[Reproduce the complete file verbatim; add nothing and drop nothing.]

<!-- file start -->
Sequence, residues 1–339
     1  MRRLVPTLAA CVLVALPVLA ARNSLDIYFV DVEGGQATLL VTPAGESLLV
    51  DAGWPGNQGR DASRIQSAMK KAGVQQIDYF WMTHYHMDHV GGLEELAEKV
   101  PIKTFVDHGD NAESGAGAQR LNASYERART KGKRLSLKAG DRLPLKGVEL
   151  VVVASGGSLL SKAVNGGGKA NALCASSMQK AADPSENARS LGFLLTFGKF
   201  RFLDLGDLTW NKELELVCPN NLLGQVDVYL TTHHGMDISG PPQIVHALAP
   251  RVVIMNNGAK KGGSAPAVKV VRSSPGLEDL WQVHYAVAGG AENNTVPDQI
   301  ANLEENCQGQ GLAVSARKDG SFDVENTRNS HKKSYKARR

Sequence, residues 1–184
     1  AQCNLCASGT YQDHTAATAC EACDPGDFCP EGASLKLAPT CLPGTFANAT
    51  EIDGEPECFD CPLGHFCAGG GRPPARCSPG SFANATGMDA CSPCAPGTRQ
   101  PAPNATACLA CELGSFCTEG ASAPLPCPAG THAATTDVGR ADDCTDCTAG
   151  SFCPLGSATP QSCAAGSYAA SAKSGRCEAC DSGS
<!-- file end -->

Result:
Sequence, residues 1–339
     1  MRRLVPTLAA CVLVALPVLA ARNSLDIYFV DVEGGQATLL VTPAGESLLV
    51  DAGWPGNQGR DASRIQSAMK KAGVQQIDYF WMTHYHMDHV GGLEELAEKV
   101  PIKTFVDHGD NAESGAGAQR LNASYERART KGKRLSLKAG DRLPLKGVEL
   151  VVVASGGSLL SKAVNGGGKA NALCASSMQK AADPSENARS LGFLLTFGKF
   201  RFLDLGDLTW NKELELVCPN NLLGQVDVYL TTHHGMDISG PPQIVHALAP
   251  RVVIMNNGAK KGGSAPAVKV VRSSPGLEDL WQVHYAVAGG AENNTVPDQI
   301  ANLEENCQGQ GLAVSARKDG SFDVENTRNS HKKSYKARR

Sequence, residues 1–184
     1  AQCNLCASGT YQDHTAATAC EACDPGDFCP EGASLKLAPT CLPGTFANAT
    51  EIDGEPECFD CPLGHFCAGG GRPPARCSPG SFANATGMDA CSPCAPGTRQ
   101  PAPNATACLA CELGSFCTEG ASAPLPCPAG THAATTDVGR ADDCTDCTAG
   151  SFCPLGSATP QSCAAGSYAA SAKSGRCEAC DSGS